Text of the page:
In the figure above, you can visualize the CDF for each action in two situations. I used five points to describe the distribution over returns. Some distributions have a support on the return space very tight. It could mean that the agent is more confident on the possible outcomes.

### # Doing the same on an Atari game

After seeing the result on Lunar Lander, I thought my implementation was good enough to use it on Atari. Papers are benchmarking on this platform so it will be an excellent mean to check if I am right. At the start, I thought l have just a few modifications to do to test it on Pong or Space Invaders. It didn't work out as I expected. In fact, after hours trying to debug, I learned the existence of wrappers used over the Atari games when RL researchers are experimenting on it.

For examples:

**EpisodicLifeEnv**: Convert individual lives in the game into separate episodes.**FireResetEnv**: Pressing FIRE at the beginning of the game**ProcessFrame84**: Convert input observation to grayscale 84x84**ClipRewardEnv**: Clipping the reward to -1, 0 and 1 values. Why? The obtained score can vary among the games.

I also got memory issues, mostly because I was stocking a lot more data in the replay buffer. In the Lunar Lander, the state vector has eight values, that I stack with several past to augment the state representation. Passing to Atari games, the vector space is now images and takes a lot more space, especially if I expand the state representation with the past images.

Hyperparameters has to change too because the settings were reframed.

### # Starting over on a better base

After all these issues, I think to start over on a better base: this time, I use a reinforcement learning toolkit, named ptan, to focus on more on the quantile regression concept and less on core implementation. I also started to use W&B, to save experiments progress. I use the Pong environment to try out this new implementation. Finally, I didn't want to wait too long the end of a run, so I took an interest in DQN extensions to speed up the learning.

### # Speed up and DQN extensions

For the first speed up, I followed the first suggestion of this blog. The trick is to set a train frequency: a batch is seen all the \(N\) frames instead of each frame. However, I have to tweak the hyperparameters carefully. To get the same thing as if I trained each time, I multiplied the batch size, the learning rate, and the other optimizer hyperparameters by the train frequency I have set.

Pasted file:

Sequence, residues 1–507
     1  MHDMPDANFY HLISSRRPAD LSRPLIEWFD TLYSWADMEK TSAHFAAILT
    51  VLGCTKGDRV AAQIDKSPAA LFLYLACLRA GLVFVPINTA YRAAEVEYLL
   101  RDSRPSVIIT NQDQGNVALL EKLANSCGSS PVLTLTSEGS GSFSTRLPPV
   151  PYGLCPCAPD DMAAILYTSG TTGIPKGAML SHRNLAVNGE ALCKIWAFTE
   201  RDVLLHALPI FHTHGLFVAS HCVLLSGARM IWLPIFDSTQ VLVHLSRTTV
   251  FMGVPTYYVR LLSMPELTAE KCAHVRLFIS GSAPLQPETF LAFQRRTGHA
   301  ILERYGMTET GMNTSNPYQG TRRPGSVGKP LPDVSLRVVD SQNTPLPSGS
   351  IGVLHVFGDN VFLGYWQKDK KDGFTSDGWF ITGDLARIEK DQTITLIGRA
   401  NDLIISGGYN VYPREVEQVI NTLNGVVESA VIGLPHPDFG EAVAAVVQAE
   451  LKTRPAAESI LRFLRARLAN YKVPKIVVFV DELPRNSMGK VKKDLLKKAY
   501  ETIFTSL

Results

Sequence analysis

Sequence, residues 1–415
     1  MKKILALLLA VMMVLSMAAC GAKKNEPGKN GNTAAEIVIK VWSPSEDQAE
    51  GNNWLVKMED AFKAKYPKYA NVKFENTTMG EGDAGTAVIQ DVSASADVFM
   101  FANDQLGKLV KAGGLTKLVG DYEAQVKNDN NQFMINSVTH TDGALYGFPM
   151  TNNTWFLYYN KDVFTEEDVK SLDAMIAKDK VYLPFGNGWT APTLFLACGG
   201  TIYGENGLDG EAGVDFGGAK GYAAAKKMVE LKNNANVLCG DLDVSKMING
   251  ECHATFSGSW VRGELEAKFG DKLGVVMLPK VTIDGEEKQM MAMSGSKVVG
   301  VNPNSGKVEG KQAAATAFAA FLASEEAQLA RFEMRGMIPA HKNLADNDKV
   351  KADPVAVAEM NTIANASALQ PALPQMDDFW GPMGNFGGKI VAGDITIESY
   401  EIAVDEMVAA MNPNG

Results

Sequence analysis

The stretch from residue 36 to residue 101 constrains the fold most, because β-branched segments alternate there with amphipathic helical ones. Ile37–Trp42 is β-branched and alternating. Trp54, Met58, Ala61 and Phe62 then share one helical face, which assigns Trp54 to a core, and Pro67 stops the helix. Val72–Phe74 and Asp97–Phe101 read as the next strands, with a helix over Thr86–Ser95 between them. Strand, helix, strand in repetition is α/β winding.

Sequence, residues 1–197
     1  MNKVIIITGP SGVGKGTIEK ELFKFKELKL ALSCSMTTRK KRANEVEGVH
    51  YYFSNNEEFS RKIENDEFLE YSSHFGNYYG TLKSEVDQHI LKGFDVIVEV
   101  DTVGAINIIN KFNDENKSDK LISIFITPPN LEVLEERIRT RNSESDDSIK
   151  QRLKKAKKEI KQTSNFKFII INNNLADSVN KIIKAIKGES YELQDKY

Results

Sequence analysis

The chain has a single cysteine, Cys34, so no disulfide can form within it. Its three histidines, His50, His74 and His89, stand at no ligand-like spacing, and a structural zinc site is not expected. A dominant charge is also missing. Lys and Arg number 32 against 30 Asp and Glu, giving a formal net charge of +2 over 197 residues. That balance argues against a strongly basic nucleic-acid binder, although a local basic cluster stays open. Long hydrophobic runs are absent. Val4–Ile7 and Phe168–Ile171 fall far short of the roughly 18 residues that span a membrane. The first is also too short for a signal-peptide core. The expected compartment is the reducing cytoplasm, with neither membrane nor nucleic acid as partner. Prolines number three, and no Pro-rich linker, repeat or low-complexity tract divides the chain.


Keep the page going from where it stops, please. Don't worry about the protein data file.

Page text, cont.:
Then I use an extension called N Steps, where we look at the reward for \(N\) consequent steps. In classical DQN, we are just updating with immediate reward, and here we are using the reward of two or three steps ahead.

$$\begin{split} Q(s_t, a_t) & = r_t + \gamma \max_a Q(s_{t+1}, a_{t+1}) \\ & = r_t + \gamma \max_a[r_{a,t+1} + \gamma \max_{a'} Q(s_t+2, a')] \\ & = r_t + \gamma r_{t+1} + \gamma^2 \max_{a'} Q(s_{t+2}, a') \end{split}$$

The last extension I used is Double DQN. What changed is we choose an action for the next state using the trained network but still take value from the target network.

$$ \begin{split} Q(s_t, a_t) & = r_t + \gamma \max_a Q'(s_{t+1}, a_{t+1}) \\ & = r_t + \gamma \max_a Q'(s_{t+1}, \mathrm{arg}\max_a Q(s_{t+1}, a)) \\ \end{split}$$

Speed up methods is good, but hyperparameters impact a lot on the convergence time. For that, I use those from this paper, that writes down all the hyperparameters for DQN, Rainbow, C51 and such in the Annexe section.

### # Result on Freeway environment

Now that all is set, let’s visualize on the Freeway environment. Freeway is a game where the agent control a chicken that want to cross the highway. The chicken can only move up or down. We get a point when the chicken is on the other side of the road. You can see the network in action with the following video.

The code can be found on my github if you are interested.

### # Going further: Implicit Quantile Network

I didn’t implement this one, but the idea extends the Quantile Regression network described above. In the previous algorithm, \(\tau\) was fixed whereas, in the implicit quantile network (IQN), we add \(\tau\) as input in the network. The latter will be sampled from a uniform distribution between 0 and 1. We also come back to a vector of the action size as in DQN instead of a matrix like in QR-DQN. During training and for selecting an action, we will sample several times \(\tau\) to get the shape of the state-action return distribution.

The thing I like in this paper is the way where create an embedding for \(\tau\). Rather than use an MLP embedding, they augment the \(\tau\) value with a cosine basis function:

$$ \phi(\tau) = \text{ReLU}(\sum_{i=0}^{n-1} \cos(\pi i \tau)w_i + b) $$

with \(n\) the embedding size.

## # Conclusion

In this project, we have seen a lot: how DQN was extend to distributional reinforcement learning with different distribution representations. If you use the Atari environment, don’t forget the wrappers. I waste a lot of time trying to debug and it was mainly the setting of the environment.

Below I share a few useful links I gathered and you can also find the code I use here.

### # Bibliography

Marc G. Bellemare, Will Dabney: “A Distributional Perspective on Reinforcement Learning”, 2017; arXiv:1707.06887.

Will Dabney, Mark Rowland, Marc G. Bellemare: “Distributional Reinforcement Learning with Quantile Regression”, 2017; arXiv:1710.10044.

Marc G. Bellemare, Will Dabney: “A Distributional Perspective on Reinforcement Learning”, 2017; arXiv:1707.06887.

Pablo Samuel Castro, Subhodeep Moitra, Carles Gelada, Saurabh Kumar: “Dopamine: A Research Framework for Deep Reinforcement Learning”, 2018; arXiv:1812.06110.

Youtube video _ A Distributional Perspective on Reinforcement Learning - Marc Bellemare

### # Credit

Banner image: Atari 2600 Gems by Kreg Steppe / CC BY-SA 2.0